The EcoWaste Coalition, a waste and pollution watchdog group, decried the pervasive littering that again tarnished the mammoth observance of the Feast of the Black Nazarene as it lauded waste workers and volunteers for sweeping up the trash.
The group had earlier campaigned for a “trash-less” Traslacion, which commemorates the transfer of the revered image of the Black Nazarene from Luneta to Quiapo.
When the crowd left the Quirino Grandstand for the seven-kilometer procession, the group’s Basura Patrollers found the sprawling grounds littered with assorted trash, including cigarette butts, styrofoam containers, snack wrappers, plastic bags and bottles and newspapers and carton boxes used as sitting or sleeping materials, in brazen disregard of Rizal Park’s “no smoking, no littering” policy.
“From Quirino Grandstand to Quiapo Church, waste workers and volunteers uncomplainingly removed the litter left by some devotees and vendors with broomsticks and dustpans,” observed Aileen Lucero, Coordinator, EcoWaste Coalition. Some used tongs to get trash out of plant boxes and storm drains.
“Piles of rubbish dotted Quiapo streets, particularly polystyrene containers for free lunch given by goodhearted residents and dumped on street corners and gutters. Foam food containers and plastic bags were strewn everywhere. Also, portions of Evangelista and Raon Sts. were also littered with firecracker waste,” she said.
“When will we learn to pick up after ourselves?,” she asked?
“We should be responsible for our own waste notwithstanding the presence of waste workers and volunteers,” she emphasized.
“The trash scattered all over the Quirino Grandstand and the processional route regardless of its volume is still trash and deeply deplorable,” she stressed.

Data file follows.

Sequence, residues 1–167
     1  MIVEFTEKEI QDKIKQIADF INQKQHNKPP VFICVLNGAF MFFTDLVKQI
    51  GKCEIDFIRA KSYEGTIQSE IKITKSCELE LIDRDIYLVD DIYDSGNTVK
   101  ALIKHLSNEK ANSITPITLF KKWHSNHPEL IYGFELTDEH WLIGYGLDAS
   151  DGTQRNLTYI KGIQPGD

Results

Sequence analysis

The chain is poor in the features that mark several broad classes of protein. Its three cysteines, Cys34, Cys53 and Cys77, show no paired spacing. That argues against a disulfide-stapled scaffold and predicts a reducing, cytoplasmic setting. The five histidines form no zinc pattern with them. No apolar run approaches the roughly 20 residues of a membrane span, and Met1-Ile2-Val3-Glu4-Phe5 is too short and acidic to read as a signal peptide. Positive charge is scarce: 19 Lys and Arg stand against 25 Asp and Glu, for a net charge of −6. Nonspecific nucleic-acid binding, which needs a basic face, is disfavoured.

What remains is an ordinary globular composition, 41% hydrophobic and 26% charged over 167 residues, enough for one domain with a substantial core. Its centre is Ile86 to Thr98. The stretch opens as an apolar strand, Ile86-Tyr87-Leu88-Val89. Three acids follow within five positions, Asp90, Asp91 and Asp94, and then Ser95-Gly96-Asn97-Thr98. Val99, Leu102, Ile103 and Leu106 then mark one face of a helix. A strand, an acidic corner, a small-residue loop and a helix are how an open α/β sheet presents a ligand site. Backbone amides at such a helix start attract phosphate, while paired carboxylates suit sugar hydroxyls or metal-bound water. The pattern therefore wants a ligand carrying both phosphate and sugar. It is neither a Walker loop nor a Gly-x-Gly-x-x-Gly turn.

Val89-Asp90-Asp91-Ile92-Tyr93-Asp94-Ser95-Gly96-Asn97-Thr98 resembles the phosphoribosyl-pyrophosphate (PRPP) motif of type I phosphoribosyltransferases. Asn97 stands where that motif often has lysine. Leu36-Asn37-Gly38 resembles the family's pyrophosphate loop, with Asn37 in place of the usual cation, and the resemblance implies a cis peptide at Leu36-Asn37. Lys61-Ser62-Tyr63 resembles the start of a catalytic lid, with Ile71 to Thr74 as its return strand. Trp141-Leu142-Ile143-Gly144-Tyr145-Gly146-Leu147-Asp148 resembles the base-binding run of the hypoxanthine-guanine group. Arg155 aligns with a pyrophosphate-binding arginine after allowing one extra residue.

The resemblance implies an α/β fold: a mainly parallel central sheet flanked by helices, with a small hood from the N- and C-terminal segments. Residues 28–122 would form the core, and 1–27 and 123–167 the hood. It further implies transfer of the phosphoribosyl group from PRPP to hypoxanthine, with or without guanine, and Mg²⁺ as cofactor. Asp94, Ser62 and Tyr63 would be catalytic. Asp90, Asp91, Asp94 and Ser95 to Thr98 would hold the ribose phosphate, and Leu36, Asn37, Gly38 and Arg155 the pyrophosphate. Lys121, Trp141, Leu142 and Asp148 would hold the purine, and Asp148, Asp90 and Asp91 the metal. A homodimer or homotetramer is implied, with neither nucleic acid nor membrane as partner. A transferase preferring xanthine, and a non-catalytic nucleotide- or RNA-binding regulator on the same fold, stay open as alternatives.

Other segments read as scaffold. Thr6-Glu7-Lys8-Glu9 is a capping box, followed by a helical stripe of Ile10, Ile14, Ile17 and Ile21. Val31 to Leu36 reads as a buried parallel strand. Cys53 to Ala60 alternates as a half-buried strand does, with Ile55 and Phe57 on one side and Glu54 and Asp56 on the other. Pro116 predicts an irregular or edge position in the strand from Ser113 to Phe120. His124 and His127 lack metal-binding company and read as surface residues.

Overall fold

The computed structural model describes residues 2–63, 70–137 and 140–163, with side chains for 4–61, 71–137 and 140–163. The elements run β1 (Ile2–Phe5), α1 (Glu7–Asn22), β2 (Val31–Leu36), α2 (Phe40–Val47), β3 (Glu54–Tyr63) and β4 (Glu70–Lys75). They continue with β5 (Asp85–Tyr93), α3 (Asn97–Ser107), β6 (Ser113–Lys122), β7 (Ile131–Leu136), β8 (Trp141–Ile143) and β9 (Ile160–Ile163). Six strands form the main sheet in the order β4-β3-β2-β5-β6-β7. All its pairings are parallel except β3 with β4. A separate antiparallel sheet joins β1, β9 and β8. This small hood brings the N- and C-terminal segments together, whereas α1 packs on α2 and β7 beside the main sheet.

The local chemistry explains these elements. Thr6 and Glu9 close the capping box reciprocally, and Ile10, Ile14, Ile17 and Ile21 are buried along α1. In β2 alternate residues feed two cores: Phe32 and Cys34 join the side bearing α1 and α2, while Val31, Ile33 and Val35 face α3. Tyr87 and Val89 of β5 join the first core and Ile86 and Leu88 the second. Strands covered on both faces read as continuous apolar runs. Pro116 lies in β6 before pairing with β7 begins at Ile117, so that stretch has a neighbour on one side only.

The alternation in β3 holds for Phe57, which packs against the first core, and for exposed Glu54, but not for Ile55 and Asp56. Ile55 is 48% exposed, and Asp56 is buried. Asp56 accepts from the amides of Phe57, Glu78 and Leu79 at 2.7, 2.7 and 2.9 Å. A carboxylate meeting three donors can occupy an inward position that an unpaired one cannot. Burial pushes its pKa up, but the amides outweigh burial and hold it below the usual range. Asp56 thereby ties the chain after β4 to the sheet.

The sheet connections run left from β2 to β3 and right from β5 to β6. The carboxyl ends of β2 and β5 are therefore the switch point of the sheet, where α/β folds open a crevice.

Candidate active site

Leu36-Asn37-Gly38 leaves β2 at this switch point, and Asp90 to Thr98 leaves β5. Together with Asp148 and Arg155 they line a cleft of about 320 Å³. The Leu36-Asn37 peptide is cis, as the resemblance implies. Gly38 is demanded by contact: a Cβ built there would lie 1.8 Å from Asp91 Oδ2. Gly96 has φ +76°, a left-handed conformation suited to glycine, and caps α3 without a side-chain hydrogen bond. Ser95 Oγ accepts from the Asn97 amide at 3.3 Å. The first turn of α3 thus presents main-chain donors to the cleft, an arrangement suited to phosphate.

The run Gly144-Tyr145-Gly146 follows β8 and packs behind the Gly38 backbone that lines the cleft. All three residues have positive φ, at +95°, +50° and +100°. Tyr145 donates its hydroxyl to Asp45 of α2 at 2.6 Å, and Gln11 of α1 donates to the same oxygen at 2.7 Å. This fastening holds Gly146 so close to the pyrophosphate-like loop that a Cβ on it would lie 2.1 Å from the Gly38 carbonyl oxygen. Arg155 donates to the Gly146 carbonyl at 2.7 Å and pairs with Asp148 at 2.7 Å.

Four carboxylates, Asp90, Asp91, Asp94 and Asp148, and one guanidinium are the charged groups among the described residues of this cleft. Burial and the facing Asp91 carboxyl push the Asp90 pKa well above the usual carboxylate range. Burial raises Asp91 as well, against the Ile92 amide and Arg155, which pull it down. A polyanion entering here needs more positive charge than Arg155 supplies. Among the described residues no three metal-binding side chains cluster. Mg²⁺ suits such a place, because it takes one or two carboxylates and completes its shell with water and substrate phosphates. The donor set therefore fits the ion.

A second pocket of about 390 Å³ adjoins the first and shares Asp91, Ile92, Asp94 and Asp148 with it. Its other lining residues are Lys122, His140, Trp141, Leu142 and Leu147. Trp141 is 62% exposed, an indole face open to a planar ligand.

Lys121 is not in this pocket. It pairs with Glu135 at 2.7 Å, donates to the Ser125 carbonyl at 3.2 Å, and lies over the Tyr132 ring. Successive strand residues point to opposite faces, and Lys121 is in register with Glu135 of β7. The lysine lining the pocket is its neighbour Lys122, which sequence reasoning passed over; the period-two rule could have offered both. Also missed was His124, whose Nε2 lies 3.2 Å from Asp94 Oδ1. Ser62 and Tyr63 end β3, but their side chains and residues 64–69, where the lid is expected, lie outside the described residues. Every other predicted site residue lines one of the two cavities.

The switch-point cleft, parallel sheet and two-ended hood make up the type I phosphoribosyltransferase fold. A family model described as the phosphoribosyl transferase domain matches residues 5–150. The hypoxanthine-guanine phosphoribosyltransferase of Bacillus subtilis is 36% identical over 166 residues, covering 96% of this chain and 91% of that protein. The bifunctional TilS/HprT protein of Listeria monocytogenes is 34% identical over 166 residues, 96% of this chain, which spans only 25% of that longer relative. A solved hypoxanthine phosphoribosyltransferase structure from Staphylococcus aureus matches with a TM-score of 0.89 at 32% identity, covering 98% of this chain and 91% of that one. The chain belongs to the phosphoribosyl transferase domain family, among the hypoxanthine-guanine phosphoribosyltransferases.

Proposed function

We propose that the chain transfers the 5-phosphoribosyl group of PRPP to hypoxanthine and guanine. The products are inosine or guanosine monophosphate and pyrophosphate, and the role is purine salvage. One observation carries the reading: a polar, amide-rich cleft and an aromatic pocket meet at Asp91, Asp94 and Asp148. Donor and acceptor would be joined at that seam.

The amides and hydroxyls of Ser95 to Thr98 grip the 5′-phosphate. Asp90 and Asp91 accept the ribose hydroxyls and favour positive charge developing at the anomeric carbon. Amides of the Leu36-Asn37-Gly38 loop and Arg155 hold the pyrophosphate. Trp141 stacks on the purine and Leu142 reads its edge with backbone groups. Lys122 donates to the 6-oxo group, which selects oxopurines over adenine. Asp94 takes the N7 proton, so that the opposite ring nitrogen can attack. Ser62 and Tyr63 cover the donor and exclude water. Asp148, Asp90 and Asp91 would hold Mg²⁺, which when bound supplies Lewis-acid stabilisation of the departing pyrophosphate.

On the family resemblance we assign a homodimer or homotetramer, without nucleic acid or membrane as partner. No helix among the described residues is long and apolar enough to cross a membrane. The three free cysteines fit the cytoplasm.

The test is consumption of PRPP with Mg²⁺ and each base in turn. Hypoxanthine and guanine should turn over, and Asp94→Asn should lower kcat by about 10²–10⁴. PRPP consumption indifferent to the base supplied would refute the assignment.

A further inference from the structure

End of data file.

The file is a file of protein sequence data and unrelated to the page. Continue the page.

The group noted the damage to some of the portable toilets at Katigbak St. where some devotees stood to get a better view of the procession unmindful that the roofing could collapse and injure people. Despite the availability of portalets, the group found some plastic bottles filled with urine.
On the other hand, the EcoWaste Coalition commended the “army of street sweepers” deployed by the City Government of Manila and the Metro Manila Development Authority and the hundreds of volunteers from a number of parishes and schools, as well as the numerous waste pickers who worked hard to manage the massive fiesta trash.
While disappointed with the omnipresent litter that again defiled the Traslacion, the EcoWaste Coalition expressed optimism that all Black Nazarene devotees would sooner or later make amends for the environment and respond to the message of Laudato Si.
Through his widely-acclaimed encyclical letter on environment, Pope Francis warned that “the earth, our home, is beginning to look more and more like an immense pile of filth” as he condemned throw-away culture and pleaded for ecological solutions.
“Pope Francis' message cannot be any clearer: we have to stop treating our Sister, Mother Earth, as a dumping site of all our unwanted, unnecessary and toxic trash. We have a moral responsibility to protect the Earth and all of its inhabitants by using our resources intelligently and respectfully, and by adopting a circular system of production to counter the prevalent throw-away culture.” said Sonia Mendoza, Chairperson of Mother Earth Foundation and President of the EcoWaste Coalition.
The EcoWaste Coalition also blasted the "litter on the sky," referring to the countless tarpaulins of politicians hanging along the processional trail, particularly in the busy streets of Quiapo.
The Rector of the Quiapo Church Monsignor Hernando Coronel had earlier urged politicians to refrain from putting banners and posters for “self-promotion,” stating that “our focus is the Black Nazarene.”